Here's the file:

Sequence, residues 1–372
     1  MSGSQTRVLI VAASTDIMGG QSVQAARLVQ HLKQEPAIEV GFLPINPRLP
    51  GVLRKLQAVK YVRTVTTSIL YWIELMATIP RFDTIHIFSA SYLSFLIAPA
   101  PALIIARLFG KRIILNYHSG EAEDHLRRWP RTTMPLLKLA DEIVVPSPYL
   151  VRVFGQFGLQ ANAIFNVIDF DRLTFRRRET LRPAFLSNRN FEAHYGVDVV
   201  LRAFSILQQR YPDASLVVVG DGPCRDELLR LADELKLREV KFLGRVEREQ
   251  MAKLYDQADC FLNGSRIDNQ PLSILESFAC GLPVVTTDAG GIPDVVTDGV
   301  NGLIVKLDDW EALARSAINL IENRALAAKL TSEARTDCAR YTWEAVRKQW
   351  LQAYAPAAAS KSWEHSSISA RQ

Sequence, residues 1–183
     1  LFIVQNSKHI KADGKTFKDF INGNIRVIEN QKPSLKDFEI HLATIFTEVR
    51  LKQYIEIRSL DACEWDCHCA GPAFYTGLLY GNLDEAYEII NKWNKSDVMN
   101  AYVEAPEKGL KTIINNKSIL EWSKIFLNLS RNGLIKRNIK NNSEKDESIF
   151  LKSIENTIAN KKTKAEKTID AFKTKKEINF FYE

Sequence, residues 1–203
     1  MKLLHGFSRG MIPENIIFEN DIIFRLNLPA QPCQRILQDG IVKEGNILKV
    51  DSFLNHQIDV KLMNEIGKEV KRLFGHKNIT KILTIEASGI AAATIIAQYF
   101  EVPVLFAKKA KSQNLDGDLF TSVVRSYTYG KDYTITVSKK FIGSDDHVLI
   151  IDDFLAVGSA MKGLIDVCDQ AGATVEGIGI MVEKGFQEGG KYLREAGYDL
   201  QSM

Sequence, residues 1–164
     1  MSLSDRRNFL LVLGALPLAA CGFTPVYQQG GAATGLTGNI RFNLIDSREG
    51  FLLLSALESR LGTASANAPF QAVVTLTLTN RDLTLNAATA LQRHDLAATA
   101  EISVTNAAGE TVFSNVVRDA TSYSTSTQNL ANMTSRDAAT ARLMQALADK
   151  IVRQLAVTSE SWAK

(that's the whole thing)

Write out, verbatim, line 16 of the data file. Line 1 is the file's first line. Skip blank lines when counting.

     1  MKLLHGFSRG MIPENIIFEN DIIFRLNLPA QPCQRILQDG IVKEGNILKV